A treatment professional can help establish what Dr. Storch calls the “parents’ as therapists’ model”. This model involves parents in the therapy sessions (where appropriate) and helps parents and children learn skills to address the OCD. Parents learn about anxiety and OCD, learn how to address accommodation that may be intensifying OCD, and how to help their children practice skills between treatment sessions. The therapist takes the lead role and then eventually transfers that role to the parent(s).
As part of the pediatric OCD training, Dr. Storch told a story about his own young daughter. One day she asked her dad why he was gone so much. To this he replied that he was both helping other professionals learn how to help kids with worries and OCD and also helping children with anxiety and OCD. His daughter replied, “Don’t you just face your fears and do it over and over and over again.” Storch stated, his young daughter summarized his whole career in this one statement. OCD treatment and recovery focuses on a “general approach to life in which you face your fears no matter what”. Skills are taught and utilized in treatment to help children and adolescents be able to utilize this general approach.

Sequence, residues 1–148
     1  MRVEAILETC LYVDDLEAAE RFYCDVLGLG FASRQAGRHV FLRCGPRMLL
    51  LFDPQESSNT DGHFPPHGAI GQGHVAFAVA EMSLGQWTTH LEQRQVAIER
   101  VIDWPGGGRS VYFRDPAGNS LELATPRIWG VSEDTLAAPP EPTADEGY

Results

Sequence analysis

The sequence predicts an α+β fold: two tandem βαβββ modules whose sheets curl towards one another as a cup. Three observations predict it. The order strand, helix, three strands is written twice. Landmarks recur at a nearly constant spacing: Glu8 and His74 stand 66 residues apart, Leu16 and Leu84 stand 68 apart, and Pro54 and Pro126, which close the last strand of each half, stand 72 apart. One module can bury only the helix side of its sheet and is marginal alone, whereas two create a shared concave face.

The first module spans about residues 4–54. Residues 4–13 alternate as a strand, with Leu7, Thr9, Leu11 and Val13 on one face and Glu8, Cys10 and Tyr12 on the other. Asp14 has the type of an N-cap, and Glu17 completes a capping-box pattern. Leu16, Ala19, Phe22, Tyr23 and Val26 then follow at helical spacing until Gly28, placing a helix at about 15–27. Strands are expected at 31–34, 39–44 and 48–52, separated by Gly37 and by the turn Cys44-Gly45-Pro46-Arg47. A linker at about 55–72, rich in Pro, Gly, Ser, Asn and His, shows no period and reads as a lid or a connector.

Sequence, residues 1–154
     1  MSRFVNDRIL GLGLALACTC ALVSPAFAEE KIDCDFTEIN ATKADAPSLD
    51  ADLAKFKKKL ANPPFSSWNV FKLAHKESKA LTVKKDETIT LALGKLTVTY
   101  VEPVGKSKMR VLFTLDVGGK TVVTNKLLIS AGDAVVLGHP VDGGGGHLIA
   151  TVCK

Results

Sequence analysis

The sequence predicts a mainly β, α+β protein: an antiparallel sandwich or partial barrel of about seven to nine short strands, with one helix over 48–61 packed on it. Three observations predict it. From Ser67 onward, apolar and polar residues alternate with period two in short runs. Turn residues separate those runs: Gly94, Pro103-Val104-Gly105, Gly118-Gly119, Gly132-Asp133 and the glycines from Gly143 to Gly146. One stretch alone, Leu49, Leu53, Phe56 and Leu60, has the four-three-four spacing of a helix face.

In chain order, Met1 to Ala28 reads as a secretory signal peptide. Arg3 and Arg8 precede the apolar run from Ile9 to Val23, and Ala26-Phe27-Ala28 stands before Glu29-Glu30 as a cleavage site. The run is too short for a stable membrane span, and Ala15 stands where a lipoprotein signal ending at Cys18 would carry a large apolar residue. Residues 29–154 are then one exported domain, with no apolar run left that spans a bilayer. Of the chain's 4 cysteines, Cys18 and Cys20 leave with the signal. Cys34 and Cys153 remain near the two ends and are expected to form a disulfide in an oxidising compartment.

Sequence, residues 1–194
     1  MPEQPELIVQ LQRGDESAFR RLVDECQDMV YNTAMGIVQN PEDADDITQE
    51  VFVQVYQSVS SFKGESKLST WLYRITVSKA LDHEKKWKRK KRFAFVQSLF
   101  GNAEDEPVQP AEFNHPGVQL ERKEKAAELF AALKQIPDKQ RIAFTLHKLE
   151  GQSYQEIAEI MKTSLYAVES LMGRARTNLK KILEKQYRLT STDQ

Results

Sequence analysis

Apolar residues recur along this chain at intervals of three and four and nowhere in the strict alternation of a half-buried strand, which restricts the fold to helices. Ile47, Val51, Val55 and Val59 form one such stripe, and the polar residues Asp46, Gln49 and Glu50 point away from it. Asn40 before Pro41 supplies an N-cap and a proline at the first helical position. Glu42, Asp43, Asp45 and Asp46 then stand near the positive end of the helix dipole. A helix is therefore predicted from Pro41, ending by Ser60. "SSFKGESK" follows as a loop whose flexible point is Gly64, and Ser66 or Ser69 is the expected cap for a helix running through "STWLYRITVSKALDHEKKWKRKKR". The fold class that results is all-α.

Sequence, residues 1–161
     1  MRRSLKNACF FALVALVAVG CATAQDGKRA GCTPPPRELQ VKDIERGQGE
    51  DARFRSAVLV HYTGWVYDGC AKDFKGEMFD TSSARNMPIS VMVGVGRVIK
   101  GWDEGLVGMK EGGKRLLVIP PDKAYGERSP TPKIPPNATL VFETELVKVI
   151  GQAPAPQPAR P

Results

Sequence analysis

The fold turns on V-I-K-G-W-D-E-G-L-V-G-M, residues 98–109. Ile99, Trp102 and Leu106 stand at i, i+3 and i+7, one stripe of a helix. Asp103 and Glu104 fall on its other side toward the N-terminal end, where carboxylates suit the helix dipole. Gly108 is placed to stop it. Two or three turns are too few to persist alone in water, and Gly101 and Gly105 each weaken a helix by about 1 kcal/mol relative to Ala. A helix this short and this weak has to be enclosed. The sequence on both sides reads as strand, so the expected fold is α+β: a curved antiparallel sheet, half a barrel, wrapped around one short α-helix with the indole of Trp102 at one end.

Avoidance tends to be at the core of many difficulties with anxiety. Avoidance increases anxiety. With anxiety we see children and adolescents avoiding the things they are fearful of. These may include germs, new foods, movies or TV, class and school, etc. Exposure to fears and/or disgust, rather than avoidance, and response prevention can be done with creativity, engagement and fun by a therapist trained in CBT (cognitive behavior therapy) and ERP (exposure response prevention). As a learning vehicle, exposure and response prevention (preventing the typically feared response) generally teaches that:
(1). Feared thing doesn’t happen. Or
(2). It does happen but it is not so bad. And
(3). I can cope if given the chance. And
(4). Practice is helpful.
There are many other skills children/adolescents and parents learn over the course of cognitive behavioral treatment and treatment for anxiety and OCD. Dr. Storch emphasized that treatment can change brain functioning over time, especially in children and teens. Pediatric OCD is a treatable condition in which children and families can receive support and treatment.
Over my 25 year career I have had the privilege of treating many individuals with anxiety and OCD. In addition to being so grateful to learn about evidenced based practices for anxiety and OCD, I am also grateful for what I have learned from each person who bravely came into therapy and worked together with me towards healthy change.
For more information on pediatric OCD and/or OCD please see IOCDF.org.
Understanding OCD: A guide for parents and professionals, Edited by Adam B. Lewin and Eric A. Storch
Up and Down the Worry Hill: A children’s book about Obsessive-Compulsive Disorder and its Treatment by Aureen Pinto Wagner, PHD
What to do when your Child has Obsessive-Compulsive Disorder: Strategies and Solutions by Aureen Pinto Wagner, PHD
(The information in this blog should not be used as a replacement for guidance, consultation, assessment or treatment by a qualified healthcare professional).